Doug and Carla…met on the back of a tomato harvester one hot, sunny afternoon…it was love at first…uh…green tomato?

Seriously, Dad grew up in Courtland, a mile from where he an Mom now reside. He was born and raised in Courtland, CA (population 600! No, we don’t have a stoplight or a starbucks…) as a farmer’s son. He graduated from Cal Poly (boo) and returned to life on the farm. Mom always said that Dad was only happy when he was playing in the dirt, and it is true. No matter what he’s dabbled in, nothing makes him happier than the perpetually amazing process of sowing, tending, and harvesting. There’s something truly moving about the ability to create something from a seed, and to be able to taste your work and share it with others. Even if the “others” are cows and horses…

Mom, on the other hand, was born in Fayatteville, AK. She migrated with her family out to sunny CA when she was 2, and I still remember asking her in grade school if she had ever read The Grapes of Wrath. She replied, “Honey, I lived it!.” At any rate, she finished high school and made her way through by working at the local market. When her family returned to Arkansas, she stayed in California, looking for that tall, dark, handsome man of her dreams. She got my Dad instead. Just kidding! Dad was everything Mom could ever ask for; and to this day they’re still all mushy and lovey-dovey. I’m so proud that they’re still together after all kinds of adversity and all kinds of coolness (specifically, me. I mean the adversity part, of course…).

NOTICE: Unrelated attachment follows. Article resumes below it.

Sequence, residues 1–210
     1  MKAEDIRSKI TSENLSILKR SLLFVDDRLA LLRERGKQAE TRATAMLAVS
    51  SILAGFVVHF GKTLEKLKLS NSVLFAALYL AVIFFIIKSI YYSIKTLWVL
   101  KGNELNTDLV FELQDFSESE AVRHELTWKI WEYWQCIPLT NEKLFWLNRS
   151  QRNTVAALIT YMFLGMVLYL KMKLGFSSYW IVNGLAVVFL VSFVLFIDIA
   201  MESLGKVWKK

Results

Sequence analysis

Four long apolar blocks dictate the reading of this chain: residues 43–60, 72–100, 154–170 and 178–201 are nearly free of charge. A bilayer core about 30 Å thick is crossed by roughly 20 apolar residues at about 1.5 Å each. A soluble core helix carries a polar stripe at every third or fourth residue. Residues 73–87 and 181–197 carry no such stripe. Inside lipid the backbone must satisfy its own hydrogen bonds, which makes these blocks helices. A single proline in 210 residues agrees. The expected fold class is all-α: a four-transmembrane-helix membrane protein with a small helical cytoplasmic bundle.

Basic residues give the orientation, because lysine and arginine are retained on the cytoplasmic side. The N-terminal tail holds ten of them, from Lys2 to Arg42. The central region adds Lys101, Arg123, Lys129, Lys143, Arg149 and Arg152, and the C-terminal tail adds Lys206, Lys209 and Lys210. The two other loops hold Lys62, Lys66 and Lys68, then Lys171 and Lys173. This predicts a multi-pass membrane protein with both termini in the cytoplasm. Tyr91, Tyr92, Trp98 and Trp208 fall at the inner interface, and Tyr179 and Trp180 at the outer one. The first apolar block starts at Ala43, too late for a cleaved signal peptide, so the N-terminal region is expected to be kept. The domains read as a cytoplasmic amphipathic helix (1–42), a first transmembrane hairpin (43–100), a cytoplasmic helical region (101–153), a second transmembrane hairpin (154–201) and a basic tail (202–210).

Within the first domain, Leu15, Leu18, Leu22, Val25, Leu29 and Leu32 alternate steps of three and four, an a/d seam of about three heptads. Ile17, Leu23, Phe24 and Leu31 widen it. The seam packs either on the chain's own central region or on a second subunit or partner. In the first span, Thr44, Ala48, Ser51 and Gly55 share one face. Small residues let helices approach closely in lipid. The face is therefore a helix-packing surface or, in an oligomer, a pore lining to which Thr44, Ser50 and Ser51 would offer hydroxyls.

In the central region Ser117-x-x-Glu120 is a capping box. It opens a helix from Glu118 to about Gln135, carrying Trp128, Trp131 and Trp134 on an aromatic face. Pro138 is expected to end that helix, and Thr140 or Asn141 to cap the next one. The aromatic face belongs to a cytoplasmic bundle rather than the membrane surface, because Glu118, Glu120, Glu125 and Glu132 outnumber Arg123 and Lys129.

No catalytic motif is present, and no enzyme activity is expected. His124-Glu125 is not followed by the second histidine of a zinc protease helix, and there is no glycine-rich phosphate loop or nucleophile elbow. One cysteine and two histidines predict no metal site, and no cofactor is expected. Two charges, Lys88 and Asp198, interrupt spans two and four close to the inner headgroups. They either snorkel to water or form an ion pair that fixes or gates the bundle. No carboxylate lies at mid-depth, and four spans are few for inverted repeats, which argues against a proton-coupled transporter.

They’ve taught me so many things, including humility, farming, how to cook, how to love, how to laugh, how to cry, where to draw your strengths and how to cope with your weaknesses, how to drive a tractor, what to do when you have accumulated too much crap (build another building to store it, of course!), how to tolerate oddities in the ones you love, how to accept your own oddities (good thing I don’t have any…), what it means to be a family, and so much more. I am so proud of my parents and I hope someday that my children will feel the same way about me. And if they don’t, I’ll send them to Grandma and Grandpa Chan, who will put them on a tractor and make them weed the garden until they straighten out. On second thought, maybe I’ll go see Grandma and Grandpa Chan and drive tractor and pull weeds until I feel better…the kids can stay with Steve. Hee hee!